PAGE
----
Timber Frame House Plan

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Timber frame house plan packs a punch

Timber frame house plan doesn’t have a truss in the build, with exposed rough cut beams running Cris-cross at the great room. Beam runs vertical starting at porch, and ending at the back of the house. The other beam crosses over the end of the kitchen defining the dining room, and butts into the fireplace, calling it a day. Can’t afford a true timber frame home, but want the look? Easy, the width of the house can be trussed, taking the load off the beams, which could be eliminated or false. False beams are 2″ x framing wrapped in wood veneer; very affordable

1650 Square feet (heated and cooled)

Country house plans

Great opens to screened porch where fireplace / grill backs up to the great room fireplace. Hearth runs under door way step up to a patio; options are nice.  She wanted a plant room, however budget didn’t allow to add one on. Instead we wrapped a hallway around the stairs up, added plenty of glass, and called it an atrium. Stairs lead down to basement or up to the second floor level

Timber frame house plan

Two stall garage is deep for storage or work space. Enter a mudroom before locker and laundry area. Half bath serves the downstairs with no bedrooms on this level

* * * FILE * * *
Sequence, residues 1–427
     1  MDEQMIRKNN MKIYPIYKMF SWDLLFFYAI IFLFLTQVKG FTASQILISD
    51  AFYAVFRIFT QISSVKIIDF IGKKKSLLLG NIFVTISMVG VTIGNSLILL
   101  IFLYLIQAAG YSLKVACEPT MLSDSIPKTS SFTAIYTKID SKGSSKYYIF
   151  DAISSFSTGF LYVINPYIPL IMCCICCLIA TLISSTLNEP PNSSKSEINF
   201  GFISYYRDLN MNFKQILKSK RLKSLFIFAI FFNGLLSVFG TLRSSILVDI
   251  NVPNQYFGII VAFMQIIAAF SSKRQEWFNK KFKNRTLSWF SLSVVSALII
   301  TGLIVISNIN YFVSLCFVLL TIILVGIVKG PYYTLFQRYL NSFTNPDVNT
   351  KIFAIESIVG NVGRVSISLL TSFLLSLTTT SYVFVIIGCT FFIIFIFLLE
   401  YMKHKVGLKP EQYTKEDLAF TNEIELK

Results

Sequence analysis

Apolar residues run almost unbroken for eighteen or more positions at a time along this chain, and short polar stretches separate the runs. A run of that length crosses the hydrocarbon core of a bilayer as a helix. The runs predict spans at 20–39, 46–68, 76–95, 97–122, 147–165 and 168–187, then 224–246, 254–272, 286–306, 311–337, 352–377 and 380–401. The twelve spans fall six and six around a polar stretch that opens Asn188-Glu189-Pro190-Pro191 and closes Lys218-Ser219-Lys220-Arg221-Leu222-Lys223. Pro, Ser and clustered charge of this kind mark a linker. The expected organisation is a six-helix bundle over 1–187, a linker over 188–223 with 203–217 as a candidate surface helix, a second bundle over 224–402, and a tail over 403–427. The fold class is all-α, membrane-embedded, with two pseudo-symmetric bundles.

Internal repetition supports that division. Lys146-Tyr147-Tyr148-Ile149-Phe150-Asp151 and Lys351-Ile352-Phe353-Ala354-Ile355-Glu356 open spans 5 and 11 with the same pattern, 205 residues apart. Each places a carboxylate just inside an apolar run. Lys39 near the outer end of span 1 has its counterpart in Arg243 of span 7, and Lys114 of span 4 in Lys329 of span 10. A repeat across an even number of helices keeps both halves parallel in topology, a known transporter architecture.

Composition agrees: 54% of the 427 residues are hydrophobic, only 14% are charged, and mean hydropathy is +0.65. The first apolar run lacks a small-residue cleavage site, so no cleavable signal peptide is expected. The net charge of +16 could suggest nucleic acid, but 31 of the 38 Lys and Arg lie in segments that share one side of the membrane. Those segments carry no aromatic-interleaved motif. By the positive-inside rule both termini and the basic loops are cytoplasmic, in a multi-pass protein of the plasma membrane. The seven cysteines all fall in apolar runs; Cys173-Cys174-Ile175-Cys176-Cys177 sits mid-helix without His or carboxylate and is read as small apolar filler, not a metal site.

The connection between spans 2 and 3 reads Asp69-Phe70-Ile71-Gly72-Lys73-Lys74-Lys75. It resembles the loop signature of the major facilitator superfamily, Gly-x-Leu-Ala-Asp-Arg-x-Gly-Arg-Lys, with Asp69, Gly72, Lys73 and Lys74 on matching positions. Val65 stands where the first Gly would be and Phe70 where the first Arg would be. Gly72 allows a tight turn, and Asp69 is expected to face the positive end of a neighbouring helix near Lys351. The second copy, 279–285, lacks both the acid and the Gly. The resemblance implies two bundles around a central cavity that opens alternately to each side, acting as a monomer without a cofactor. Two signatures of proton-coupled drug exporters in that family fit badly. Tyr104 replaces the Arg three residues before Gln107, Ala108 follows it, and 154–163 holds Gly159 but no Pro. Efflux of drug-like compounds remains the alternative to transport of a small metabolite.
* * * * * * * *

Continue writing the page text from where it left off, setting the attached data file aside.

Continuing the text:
Lake house plans

Upstairs landing is open to the atrium below with a decent loft area and built in desk. Landing accesses a large covered porch that sits over the screened porch below. The master suite is on one side of the loft room with compartmental bathroom. Two bedrooms on the front share a bathroom

Rustic house plan

Exterior view is powerful, as it should be. This plan is a simple build with a straight gable run. Typically, the height of a wall remains the standard eight or nine foot, with the roof dropping to meet it. this makes for a lot of breaks in a roof line. To keep control of the cost, the wall rises to meet the roof, giving us space for the second floor. Wall framing is much more affordable than roofing material. There’s only one feature that sets this plan apart from the rest, and that’s the angled porches. The eve is cut to match the run of the wall below, giving it the unique look. The opposite end of the house has the same cut at the overhand, tying it in


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Author: Brenda Rand